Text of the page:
How retail metrics will change in a post-covid world?
Jan 17, 2022
3 min read
Marvin Harris / September 2020 / Analytics
Every business owner knows how important it is to have solid inventory data, especially nowadays. Suppose the Coronavirus has affected your business? Just a hypothetical scenario. Now let’s pretend you’ve cut production of your products in half. Based on your inventory numbers, you are making all the right choices. There’s just one issue: your inventory projections were way off. You have much more supply than demand and it’s costing your business during a stressful time. If you’ve experienced something like this, you’re not alone.
3 Ways to Grow Profits with Inventory Accuracy
Create a system for quality control
Identify and address customer concerns
Evaluate inventory accuracy
The average retail business in the U.S. has an inventory accuracy rate of 63%. Imagine the added yearly profits for a company if that number increased to 75%.
That’s the kind of difference a business owner can see by simply changing the way they think about inventory. Below are some tips to help get you started:
Create a system for quality control. A system fully dedicated to monitoring asset quality control, but it should also fit nicely into the flow of your business.
Let’s say your company is responsible for transporting baked goods. You want to have a reliable system that tells you when and where your bread and muffins are at risk for spoilage. Those spoiled muffins were once available for sale. They cost a business money when customers do not buy them. With a better inventory accuracy system, retailers can reduce the potential of unsaleable inventory by adopting a better strategies to know what you have and don’t have.
Identify and address customer concerns. Customers likely have similar concerns about your products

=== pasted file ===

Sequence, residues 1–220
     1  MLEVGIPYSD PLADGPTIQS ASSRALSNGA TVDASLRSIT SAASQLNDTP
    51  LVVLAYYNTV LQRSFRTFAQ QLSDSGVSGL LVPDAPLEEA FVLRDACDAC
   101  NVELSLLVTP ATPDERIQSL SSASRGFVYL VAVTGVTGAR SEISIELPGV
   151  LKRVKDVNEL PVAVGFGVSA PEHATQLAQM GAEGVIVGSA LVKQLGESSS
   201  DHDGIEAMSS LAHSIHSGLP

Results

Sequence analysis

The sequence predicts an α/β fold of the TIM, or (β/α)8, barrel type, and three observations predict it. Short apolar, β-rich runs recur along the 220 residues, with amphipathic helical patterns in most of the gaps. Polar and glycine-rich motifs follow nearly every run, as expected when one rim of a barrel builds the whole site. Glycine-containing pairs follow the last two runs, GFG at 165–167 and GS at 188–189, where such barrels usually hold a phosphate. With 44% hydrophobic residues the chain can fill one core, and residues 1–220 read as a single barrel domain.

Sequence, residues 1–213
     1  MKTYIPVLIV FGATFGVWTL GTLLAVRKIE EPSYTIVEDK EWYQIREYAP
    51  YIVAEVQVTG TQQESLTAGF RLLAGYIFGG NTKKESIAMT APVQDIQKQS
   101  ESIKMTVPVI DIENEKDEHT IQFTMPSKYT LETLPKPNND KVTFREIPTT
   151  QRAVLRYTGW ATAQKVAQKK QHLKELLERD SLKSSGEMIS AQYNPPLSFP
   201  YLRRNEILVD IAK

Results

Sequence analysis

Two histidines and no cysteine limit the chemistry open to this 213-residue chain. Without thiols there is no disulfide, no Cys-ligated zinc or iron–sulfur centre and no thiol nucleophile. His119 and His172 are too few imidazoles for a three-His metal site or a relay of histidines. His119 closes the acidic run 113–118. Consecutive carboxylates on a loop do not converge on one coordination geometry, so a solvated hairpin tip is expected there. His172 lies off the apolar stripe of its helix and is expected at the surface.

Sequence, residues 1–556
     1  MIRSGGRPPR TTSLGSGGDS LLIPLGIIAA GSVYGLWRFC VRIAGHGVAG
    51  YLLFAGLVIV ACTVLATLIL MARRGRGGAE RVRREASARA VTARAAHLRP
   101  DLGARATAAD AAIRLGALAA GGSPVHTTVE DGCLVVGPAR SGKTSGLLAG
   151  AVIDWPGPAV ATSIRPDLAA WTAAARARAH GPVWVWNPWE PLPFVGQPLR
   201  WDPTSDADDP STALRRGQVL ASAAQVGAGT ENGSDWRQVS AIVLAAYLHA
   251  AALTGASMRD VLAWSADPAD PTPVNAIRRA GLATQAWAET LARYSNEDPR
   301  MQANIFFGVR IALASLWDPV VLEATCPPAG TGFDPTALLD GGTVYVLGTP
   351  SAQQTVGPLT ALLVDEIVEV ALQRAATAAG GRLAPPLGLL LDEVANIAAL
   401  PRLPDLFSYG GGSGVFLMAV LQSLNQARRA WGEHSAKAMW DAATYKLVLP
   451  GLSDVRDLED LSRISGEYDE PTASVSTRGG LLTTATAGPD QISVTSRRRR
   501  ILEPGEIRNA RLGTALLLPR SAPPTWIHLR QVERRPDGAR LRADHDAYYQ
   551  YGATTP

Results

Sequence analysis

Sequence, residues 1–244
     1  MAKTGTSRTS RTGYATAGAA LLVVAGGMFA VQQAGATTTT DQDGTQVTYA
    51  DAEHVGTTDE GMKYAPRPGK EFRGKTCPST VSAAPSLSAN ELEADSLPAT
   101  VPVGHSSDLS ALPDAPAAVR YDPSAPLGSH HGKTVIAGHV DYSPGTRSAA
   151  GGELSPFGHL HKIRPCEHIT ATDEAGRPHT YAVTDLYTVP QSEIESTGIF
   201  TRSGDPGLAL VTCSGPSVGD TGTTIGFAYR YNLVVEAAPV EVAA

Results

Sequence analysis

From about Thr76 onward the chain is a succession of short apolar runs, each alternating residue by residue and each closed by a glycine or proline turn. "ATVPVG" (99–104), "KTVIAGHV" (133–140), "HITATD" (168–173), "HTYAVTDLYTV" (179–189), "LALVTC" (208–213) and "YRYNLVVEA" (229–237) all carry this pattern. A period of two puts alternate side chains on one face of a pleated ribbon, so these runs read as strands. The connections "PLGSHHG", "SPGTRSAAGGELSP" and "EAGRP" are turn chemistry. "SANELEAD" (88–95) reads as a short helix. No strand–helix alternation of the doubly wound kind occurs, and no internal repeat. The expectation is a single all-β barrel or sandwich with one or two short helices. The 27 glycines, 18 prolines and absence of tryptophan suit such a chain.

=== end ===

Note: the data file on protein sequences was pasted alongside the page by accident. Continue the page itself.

Evaluate inventory control
No customer wants to buy spoiled bread and nor do you want to sell it. If customers actively express concerns about an unexpected issue, make sure they have nothing to worry about. Back to the baked goods example.
If a customer says they are worried about tampered bagels, assure them by displaying how you enforce workplace safety and prep rules. The signage makes everyone feel better about the quality and care you take. That means more customer trust, which leads to more loyalty and sales.
If you are reading this article you probably already started doing this. Which is fantastic. But there might be an opportunity to improve your current process even more.
Are you settling for “good enough”, even though you can do better?
Are you using a process that makes one or two things easier for inventory management, but ignoring other parts of the inventory to customer journey?
Are you spending time counting or entering information?
How might these changes improve profitability or customer experience? Can these improvements lead to 20 or more percent in productivity? At the end of the day, you want to remove uncertainty. Building better customer relationships comes by delivering value to customers. Word of mouth is the is a powerful growth engine for retailers. Trustworthy relationships are established by consistently meeting customer expectations.
What is the one enhancement you can change today that will lead to better communication and less friction in the inventory accuracy and monitoring process?